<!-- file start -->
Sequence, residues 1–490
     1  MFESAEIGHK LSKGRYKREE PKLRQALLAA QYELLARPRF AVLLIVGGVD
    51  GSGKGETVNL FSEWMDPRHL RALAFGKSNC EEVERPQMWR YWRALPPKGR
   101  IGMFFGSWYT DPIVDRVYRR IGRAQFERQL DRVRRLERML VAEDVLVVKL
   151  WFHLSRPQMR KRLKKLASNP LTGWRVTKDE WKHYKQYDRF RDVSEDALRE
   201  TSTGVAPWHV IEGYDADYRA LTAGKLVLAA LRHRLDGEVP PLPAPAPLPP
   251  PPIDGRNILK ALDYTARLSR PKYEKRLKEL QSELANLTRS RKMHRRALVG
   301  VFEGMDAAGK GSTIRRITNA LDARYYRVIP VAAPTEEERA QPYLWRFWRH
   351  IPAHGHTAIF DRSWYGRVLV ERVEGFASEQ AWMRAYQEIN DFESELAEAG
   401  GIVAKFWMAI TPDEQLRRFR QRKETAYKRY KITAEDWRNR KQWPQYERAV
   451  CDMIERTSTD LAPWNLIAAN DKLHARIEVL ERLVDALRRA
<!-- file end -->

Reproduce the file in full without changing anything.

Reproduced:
Sequence, residues 1–490
     1  MFESAEIGHK LSKGRYKREE PKLRQALLAA QYELLARPRF AVLLIVGGVD
    51  GSGKGETVNL FSEWMDPRHL RALAFGKSNC EEVERPQMWR YWRALPPKGR
   101  IGMFFGSWYT DPIVDRVYRR IGRAQFERQL DRVRRLERML VAEDVLVVKL
   151  WFHLSRPQMR KRLKKLASNP LTGWRVTKDE WKHYKQYDRF RDVSEDALRE
   201  TSTGVAPWHV IEGYDADYRA LTAGKLVLAA LRHRLDGEVP PLPAPAPLPP
   251  PPIDGRNILK ALDYTARLSR PKYEKRLKEL QSELANLTRS RKMHRRALVG
   301  VFEGMDAAGK GSTIRRITNA LDARYYRVIP VAAPTEEERA QPYLWRFWRH
   351  IPAHGHTAIF DRSWYGRVLV ERVEGFASEQ AWMRAYQEIN DFESELAEAG
   401  GIVAKFWMAI TPDEQLRRFR QRKETAYKRY KITAEDWRNR KQWPQYERAV
   451  CDMIERTSTD LAPWNLIAAN DKLHARIEVL ERLVDALRRA